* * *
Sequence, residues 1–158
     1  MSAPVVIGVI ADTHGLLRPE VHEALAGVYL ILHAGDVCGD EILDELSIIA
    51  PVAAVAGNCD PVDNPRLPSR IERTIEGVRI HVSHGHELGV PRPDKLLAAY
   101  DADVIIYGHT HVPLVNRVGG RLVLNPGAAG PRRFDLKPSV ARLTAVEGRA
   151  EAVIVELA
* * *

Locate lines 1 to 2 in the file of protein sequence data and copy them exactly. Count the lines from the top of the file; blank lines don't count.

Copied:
Sequence, residues 1–158
     1  MSAPVVIGVI ADTHGLLRPE VHEALAGVYL ILHAGDVCGD EILDELSIIA